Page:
The 10 Greatest Horror Novels of the 20th Century


1. The Haunting of Hill House

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Author: Shirley Jackson Year: 1959 Publisher: Viking/Penguin Books Inspiring two film adaptations and our own terrifying stage play, Shirley Jackson's The Haunting of Hill House is regarded as the perhaps the best haunted house story ever written by critics and fans alike. A terrifying tale which plays with the reader's perceptions of reality, Jackson's novel went on to influence such masters of the macabre as Stephen King and Neil Gaiman.

2. The Exorcist

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Author: William Peter Blatty Date: 1971 Publisher: Harper & Row If you thought the film was scary, prepare for another level of horror with the original Exorcist novel... Inspired by a real-life case of demonic possession in 1949, the attempts of Father Lankester Merrin to exorcise a 'presence' from poorly young girl Reagan MacNeil are, in the worst sense of the word, unforgettable.

3. Interview with the Vampire

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Author: Anne Rice Date: 1976 Publisher: Knopf The life and exploits of 200 year-old vampire Louis de Pointe du Lac are the subject of Anne Rice's Interview with the Vampire, a novel which has engaged over 8 million readers since its publication, and has spawned an incredible 9 sequels.

4. The House on the Borderland

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Author: William Hope Hodgson Date: 1908 Publisher: Chapman and Hall This hallucinatory account of a recluse's time spent in the remote and eponymous "house" was cited as one of fellow listee HP Lovecraft's greatest influences. Terry Pratchett also once called the novel "the Big Bang in my private universe as a science fiction and fantasy reader and, later, writer". If that isn't a recommendation to read, we don't know what is. 5. The Hellbound heart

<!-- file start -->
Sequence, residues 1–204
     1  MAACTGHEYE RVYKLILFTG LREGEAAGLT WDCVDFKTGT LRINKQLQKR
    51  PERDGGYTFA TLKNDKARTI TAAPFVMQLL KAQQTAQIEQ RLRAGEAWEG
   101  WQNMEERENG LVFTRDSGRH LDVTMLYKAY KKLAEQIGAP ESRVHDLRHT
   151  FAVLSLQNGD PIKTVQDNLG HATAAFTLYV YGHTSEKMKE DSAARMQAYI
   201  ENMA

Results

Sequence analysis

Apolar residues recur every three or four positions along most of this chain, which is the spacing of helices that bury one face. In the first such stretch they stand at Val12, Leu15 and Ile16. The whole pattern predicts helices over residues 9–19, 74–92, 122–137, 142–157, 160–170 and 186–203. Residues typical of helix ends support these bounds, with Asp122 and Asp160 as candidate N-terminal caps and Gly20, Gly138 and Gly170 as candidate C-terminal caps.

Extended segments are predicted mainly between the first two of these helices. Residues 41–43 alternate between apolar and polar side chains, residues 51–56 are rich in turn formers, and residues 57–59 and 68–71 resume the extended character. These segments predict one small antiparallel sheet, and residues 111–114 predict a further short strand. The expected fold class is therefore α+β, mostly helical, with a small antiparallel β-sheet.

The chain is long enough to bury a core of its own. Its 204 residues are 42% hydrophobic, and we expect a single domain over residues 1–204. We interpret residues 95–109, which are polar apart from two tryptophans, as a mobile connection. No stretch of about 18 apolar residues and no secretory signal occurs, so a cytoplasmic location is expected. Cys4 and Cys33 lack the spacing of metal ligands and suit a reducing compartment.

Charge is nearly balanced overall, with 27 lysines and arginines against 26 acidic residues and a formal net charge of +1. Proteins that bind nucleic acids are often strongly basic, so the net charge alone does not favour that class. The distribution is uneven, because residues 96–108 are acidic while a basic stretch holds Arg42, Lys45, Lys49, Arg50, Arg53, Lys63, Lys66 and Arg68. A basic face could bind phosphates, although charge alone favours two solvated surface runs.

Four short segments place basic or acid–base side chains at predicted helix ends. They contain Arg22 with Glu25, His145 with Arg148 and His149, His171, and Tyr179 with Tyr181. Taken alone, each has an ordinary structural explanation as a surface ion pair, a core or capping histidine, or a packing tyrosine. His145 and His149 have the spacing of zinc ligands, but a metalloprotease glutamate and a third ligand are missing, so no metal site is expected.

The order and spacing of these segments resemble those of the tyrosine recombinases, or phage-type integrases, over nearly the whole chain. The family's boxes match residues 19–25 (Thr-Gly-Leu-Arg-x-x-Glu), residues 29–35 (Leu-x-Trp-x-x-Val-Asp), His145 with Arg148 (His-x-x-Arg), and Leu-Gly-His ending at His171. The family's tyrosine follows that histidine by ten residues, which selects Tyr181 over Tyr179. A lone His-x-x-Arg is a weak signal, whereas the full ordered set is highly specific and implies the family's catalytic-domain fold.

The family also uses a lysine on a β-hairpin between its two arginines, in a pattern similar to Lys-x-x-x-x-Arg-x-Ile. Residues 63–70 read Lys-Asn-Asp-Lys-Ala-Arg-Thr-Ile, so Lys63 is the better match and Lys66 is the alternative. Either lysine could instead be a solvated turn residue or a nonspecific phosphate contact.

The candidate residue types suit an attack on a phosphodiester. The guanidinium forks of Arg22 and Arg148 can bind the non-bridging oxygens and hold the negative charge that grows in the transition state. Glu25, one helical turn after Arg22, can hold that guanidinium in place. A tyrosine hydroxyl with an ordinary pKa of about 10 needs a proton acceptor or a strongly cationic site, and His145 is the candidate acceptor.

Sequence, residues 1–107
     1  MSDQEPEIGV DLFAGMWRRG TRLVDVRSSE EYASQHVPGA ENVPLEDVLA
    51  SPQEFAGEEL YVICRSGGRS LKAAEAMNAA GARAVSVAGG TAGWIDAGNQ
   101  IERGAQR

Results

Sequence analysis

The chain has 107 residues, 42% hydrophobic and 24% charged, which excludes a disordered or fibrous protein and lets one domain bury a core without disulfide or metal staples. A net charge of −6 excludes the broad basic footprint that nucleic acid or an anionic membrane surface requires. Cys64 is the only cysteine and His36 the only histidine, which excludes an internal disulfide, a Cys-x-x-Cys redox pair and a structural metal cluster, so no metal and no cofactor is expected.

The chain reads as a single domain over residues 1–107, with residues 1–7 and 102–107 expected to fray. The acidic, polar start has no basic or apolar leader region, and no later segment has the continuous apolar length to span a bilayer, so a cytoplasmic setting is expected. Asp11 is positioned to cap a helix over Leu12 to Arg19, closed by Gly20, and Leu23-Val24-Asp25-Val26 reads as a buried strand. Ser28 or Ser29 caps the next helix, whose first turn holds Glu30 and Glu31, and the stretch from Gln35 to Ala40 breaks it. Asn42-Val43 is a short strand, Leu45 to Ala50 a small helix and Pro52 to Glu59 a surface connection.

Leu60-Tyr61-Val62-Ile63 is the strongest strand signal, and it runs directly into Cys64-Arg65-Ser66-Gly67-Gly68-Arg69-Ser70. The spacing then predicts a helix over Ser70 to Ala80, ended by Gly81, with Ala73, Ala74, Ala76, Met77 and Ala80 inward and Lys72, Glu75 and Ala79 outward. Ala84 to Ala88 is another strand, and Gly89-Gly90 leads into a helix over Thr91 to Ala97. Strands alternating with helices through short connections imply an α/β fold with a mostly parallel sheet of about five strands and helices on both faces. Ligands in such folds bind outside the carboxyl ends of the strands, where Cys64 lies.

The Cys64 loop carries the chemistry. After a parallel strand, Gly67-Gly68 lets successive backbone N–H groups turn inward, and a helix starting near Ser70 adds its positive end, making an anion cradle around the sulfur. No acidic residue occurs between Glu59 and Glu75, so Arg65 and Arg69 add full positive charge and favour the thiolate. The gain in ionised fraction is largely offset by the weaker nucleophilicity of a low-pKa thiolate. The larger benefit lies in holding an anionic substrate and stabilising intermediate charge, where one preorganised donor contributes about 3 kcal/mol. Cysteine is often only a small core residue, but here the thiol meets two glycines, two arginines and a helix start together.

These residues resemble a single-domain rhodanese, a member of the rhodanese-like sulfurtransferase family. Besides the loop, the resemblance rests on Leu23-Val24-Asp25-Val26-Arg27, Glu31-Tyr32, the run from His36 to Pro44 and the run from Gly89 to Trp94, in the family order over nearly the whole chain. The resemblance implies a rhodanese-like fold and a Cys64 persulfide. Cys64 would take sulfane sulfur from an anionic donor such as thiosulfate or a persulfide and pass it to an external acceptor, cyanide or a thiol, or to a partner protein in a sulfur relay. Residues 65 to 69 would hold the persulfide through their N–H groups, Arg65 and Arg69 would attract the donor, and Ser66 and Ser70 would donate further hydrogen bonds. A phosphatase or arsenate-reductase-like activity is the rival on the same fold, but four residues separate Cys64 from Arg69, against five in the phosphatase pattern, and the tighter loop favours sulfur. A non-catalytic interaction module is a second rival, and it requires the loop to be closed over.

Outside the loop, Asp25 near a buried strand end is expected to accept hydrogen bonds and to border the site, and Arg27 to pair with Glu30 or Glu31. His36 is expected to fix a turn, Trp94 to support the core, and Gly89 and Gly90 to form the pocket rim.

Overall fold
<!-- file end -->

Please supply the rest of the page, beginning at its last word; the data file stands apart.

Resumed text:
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Author: Clive Barker Date: 1986 Publisher: Dark Harvest, HarperCollins While it's true that Clive Barker's work never strays too far from the world of horror (even his Abarat and Thief of Always YA novels paint from a surprisingly dark palette) The Hellbound Heart sees him writing at his most depraved and nightmarish. Anyone familiar with the film adaptation Hellraiser will know the story, but the Devil's in the detail of the original novel.

6. Salem's Lot

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Author: Stephen King Date: 1975 Publisher: Doubleday To be fair to his unmatched backcatalogue of horror classics, a number of Stephen King's novels could have made this list but well, Salem's Lot is just a personal favourite. More importantly, it's King's favourite too. When a writer returns to his childhood hometown of Jerusalem's Lot, things take a turn for the horrific as he discovers that the residents are becoming vampires... And that's just the start.

7. Something Wicked This Way Comes

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Author: Ray Bradbury Date: 1962 Publisher: Simon and Schuster Lauded by critics as a masterful blend of horror and dark fantasy, Ray Bradbury's story of a travelling carnival and its mysterious leader Mr Dark- who wields the suspicious ability to seemingly grant the townspeople's secret desires- was also praised for its subtle and grounded storytelling. Notable fans include Neil Gaiman, Stephen King and RL Stine.

8. I Am Legend

Author: Richard Matheson Date: 1954 Publisher: Gold Medal Books Cited by many as the most important novel in popularising the concept of a zombie apocalypse, Richard Matheson's legendary I am Legend follows Robert Neville, the apparent sole survivor of a global pandemic which causes a form of vampirism among the infected. A factoid for those who don't know: In 1957 Hammer approached Richard Matheson to adapt I am Legend for the screen with Val Guest directing, under the title Night Creatures. The British censorship board unfortunately decided that the project as written would have to be banned and so it was dropped...

9. At the Mountains of Madness

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Author: HP Lovecraft Date: 1936 Publisher: First published in Astounding Stories Another horror heavyweight, and an influence on practically every other writer on this list, it's interesting to note how few novellas Lovecraft actually wrote (much of his lasting impact comes through his substantial collections of short fiction). At the Mountains of Madness, one of his few longer works, remains one of his most terrifying. A framed narrative in which an Antarctic expedition gone wrong, scary lifeforms are discovered and pretty much everybody gets killed - this is quintessential Lovecraft.

10. The Collector

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Author: John Fowles Date: 1963 Publisher: Jonathan Cape (UK), Little, Brown & Company (US) A claustrophobic, locked-room horror story to make one appreciate the great outdoors, John Fowles' debut novel follows obsessive loner Frederick Clegg as he spends his days collecting butterflies to watch them die. When beautiful art student Miranda becomes the new object of his obsessions, it's clear that Clegg has plans for his newest butterfly.